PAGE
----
As a matter of fact, there are approximately 45 tools which measure and assess Internet Addiction through either scales, interviews or diagnostic criteria. Most of the tools are proposals and have not been verified and properly investigated. All of the tools are developed as self-report questionnaires using a theoretical basis and have no clinical validation. This implies that most of the reported scales require further examination before they can be used by researchers and/or clinicians as measures for assessment of Internet Addiction.
In my research, I used Young’s Internet Addiction Test, as it is one of the most well-established instruments for measuring Interned addiction. Nevertheless, the test is used only to make the most basic classification of participants in order to evaluate whether Internet excessiveness affects offline behavior.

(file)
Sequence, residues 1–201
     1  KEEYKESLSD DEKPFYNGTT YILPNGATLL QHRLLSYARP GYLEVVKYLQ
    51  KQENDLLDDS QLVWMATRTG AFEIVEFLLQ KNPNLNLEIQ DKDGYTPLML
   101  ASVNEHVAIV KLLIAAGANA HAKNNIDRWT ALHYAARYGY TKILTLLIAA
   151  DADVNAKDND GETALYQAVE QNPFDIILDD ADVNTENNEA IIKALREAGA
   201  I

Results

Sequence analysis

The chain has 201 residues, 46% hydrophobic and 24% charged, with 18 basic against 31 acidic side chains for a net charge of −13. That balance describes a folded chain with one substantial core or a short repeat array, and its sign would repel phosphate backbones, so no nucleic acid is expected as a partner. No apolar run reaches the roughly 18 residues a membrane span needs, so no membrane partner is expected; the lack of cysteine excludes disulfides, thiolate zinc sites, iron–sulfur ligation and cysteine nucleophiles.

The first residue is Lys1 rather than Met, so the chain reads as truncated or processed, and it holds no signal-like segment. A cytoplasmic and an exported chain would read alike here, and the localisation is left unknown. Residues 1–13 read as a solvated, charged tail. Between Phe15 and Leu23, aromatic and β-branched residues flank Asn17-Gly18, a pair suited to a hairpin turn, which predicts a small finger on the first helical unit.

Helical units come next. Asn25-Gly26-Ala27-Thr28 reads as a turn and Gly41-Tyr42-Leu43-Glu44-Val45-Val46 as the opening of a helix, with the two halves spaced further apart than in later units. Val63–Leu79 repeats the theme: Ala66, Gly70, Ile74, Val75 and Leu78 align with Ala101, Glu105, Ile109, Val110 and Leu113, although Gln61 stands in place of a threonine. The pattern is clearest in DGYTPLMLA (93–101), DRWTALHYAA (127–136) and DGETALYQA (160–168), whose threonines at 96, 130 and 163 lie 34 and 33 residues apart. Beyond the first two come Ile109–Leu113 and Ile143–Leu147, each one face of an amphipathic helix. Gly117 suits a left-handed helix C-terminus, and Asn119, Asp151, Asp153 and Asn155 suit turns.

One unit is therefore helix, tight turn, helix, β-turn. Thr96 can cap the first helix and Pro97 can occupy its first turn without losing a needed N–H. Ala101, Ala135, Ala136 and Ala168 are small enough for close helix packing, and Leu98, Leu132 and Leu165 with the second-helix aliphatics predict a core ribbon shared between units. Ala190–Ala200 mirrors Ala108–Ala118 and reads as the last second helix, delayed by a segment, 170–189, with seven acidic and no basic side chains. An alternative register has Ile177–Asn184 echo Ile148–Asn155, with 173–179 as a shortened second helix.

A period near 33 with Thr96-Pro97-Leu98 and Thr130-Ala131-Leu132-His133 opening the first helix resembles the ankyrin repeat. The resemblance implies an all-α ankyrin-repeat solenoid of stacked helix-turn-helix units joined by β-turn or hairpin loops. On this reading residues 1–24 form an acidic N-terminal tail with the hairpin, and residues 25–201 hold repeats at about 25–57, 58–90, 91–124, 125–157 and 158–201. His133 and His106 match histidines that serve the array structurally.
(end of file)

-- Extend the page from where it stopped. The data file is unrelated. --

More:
ADDICTION BLOG: What does science say about the changes in our human brain as a result of internet over-exposure?
MARTIN MIHAJLOV: There are many different scientific approaches that report on brain changes. Some pharmacological treatment studies which use selective serotonin reuptake inhibitors (SSRIs) support the existence of obsessive-compulsive behaviour. Results from neuroimaging experiments have shown neurobiological changes similar to those observed in substance addictions.
However, it is necessary to put all of the reported studies in context and avoid generalization. For example, before we jump to conclusions and make claims such as “neuroimaging experiments show that Internet Addiction is similar to substance addiction” it is necessary to know that neuroimaging will show addiction-like neurobiological changes even after we indulge in a very tasteful meal.